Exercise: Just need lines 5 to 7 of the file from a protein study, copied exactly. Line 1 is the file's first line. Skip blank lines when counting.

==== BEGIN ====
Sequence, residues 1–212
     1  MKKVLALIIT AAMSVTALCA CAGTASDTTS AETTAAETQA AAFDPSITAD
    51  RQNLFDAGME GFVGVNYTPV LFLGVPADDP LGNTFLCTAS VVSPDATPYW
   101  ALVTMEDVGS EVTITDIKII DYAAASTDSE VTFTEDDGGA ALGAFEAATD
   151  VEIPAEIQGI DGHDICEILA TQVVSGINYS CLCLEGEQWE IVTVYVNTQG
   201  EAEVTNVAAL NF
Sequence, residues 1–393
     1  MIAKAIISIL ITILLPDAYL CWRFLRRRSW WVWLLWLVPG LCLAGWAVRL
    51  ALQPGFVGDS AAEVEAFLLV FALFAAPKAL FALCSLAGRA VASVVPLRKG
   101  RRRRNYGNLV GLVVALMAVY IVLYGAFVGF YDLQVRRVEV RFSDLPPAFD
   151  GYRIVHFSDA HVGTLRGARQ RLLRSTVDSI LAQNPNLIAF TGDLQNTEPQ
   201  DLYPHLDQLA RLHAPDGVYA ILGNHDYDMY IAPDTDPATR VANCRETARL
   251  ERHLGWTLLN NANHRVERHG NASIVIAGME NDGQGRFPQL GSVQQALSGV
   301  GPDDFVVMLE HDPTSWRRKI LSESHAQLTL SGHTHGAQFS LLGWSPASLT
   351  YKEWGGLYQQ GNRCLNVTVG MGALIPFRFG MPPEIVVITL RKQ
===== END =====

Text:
   151  VEIPAEIQGI DGHDICEILA TQVVSGINYS CLCLEGEQWE IVTVYVNTQG
   201  EAEVTNVAAL NF
Sequence, residues 1–393